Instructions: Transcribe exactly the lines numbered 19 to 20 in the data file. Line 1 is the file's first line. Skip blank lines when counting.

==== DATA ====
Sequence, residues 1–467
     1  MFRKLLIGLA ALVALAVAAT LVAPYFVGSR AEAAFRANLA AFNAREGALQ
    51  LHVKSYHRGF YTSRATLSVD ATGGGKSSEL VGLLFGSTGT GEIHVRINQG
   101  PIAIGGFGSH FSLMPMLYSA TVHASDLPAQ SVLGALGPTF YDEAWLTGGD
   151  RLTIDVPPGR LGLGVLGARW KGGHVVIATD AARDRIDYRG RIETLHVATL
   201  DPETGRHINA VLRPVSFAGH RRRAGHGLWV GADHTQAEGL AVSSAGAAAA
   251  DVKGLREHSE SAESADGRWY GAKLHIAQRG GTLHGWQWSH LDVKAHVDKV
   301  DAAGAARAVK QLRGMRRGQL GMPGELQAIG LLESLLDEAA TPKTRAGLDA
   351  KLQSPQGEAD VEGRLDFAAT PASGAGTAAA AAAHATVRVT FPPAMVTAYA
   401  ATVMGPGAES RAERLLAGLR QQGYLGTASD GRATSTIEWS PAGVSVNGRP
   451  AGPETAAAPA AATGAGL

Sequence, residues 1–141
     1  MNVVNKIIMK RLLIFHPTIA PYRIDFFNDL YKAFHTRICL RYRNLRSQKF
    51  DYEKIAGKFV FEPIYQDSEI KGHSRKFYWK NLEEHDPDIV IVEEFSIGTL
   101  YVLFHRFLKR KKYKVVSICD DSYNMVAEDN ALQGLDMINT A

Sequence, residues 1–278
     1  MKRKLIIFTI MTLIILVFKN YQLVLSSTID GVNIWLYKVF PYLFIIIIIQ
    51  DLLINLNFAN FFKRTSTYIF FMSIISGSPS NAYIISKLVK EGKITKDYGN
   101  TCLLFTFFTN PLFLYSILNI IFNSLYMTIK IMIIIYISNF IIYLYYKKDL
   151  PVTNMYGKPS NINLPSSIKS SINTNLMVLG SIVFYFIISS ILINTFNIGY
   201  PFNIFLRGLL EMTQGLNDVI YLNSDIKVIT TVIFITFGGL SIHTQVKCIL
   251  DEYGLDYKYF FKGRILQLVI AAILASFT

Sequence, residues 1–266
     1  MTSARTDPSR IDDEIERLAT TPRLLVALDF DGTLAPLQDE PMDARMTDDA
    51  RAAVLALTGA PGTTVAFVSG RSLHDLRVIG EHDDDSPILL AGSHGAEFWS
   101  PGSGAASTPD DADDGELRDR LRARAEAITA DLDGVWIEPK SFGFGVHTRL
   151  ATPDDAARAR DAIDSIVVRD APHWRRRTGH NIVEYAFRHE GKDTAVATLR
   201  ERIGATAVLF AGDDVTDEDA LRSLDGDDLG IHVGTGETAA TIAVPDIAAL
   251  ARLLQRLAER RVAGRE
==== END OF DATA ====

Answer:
   101  TCLLFTFFTN PLFLYSILNI IFNSLYMTIK IMIIIYISNF IIYLYYKKDL
   151  PVTNMYGKPS NINLPSSIKS SINTNLMVLG SIVFYFIISS ILINTFNIGY